UK: Cover Your Assets: Why The Value Of IP Matters

Last Updated: 7 August 2014
Article by Rob White

The importance of securing intellectual property (IP) protection for any relevant brands, designs and inventions is very often overlooked by SMEs. However, the fact that such IP rights are key intangible assets to any business that can be used to leverage and encourage financing of the company to aid its growth, is even more likely to be a great unknown for SMEs - and one with great potential.

Put more simply, holding registered IP rights will increase the perceived value of any business in attracting investment and financing for a company. It can even make the difference between lending and not lending for some investors. Registered IP rights act as a form of insurance that the company holding those rights has achieved the freedom to use the rights and to prevent third parties from copying them. Is it any wonder such definitive rights are attractive to those looking to invest in or buy businesses?

If a business has an exit strategy for eventual sale of the company, any prospective buyers will perform thorough due diligence exercises before purchase. A key part of this process is to determine the extent and value of any IP in the company for sale. If no registered IP is in place, the eventual value and purchase price of the company will undoubtedly be far lower. One of the reasons for this is because the buyer could be taking on greater risk by buying a company who may actually be unaware they are infringing someone else's trade mark or invention.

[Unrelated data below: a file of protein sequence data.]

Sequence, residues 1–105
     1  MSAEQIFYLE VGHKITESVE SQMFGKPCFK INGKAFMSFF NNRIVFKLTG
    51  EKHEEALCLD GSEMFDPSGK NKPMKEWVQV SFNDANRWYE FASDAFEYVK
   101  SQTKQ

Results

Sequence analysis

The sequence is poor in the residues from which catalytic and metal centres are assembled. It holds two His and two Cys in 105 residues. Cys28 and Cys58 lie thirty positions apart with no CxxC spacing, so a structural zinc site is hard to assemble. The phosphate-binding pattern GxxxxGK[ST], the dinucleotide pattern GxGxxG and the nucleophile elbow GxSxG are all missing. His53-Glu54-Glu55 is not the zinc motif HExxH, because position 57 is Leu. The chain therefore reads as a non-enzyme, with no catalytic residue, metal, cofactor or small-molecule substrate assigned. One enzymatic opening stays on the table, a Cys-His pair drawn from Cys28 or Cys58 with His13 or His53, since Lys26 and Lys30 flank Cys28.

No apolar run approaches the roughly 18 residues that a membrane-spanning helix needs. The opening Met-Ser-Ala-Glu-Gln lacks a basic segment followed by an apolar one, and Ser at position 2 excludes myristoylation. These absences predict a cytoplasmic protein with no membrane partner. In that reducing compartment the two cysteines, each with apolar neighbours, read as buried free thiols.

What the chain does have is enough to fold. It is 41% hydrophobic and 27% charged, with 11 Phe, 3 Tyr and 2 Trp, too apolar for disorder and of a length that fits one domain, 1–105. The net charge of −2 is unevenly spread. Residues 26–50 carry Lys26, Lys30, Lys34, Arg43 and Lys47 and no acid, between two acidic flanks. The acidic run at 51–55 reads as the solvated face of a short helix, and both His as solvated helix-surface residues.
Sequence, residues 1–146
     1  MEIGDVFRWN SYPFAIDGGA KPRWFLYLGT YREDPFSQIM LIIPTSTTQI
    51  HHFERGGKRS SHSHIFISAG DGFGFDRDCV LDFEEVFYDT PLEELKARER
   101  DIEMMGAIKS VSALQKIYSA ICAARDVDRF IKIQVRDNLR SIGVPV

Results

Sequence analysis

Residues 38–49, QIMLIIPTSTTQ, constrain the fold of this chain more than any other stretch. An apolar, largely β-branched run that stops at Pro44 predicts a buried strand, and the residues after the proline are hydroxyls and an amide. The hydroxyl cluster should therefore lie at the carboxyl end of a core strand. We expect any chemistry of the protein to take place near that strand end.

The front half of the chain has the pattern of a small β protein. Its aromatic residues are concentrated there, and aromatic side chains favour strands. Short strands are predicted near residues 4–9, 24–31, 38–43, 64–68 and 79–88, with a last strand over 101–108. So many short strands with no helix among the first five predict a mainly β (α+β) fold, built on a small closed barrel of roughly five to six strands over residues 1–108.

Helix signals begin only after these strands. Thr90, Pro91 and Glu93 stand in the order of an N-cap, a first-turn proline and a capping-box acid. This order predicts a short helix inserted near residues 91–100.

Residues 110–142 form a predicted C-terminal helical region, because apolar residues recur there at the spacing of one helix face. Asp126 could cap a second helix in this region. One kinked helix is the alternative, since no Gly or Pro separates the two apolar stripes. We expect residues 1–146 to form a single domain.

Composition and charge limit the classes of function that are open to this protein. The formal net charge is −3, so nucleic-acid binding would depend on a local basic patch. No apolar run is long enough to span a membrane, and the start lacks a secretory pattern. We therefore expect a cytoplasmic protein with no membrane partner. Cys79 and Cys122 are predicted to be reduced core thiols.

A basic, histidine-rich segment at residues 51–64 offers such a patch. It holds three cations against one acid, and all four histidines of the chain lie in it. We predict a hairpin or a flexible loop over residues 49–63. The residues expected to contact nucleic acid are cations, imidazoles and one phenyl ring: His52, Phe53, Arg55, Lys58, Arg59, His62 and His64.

Recent research commissioned by the Intellectual Property Office (IPO) on the role of IP in facilitating business finance is an important source of information for SMEs to review. The report can be found here.

As stated at Page 10 of the report, where a business is seeking equity or angel type investment for growth, 'it is clear that IP or intangibles that provide competitive advantage are a necessary (though not sufficient) precondition.'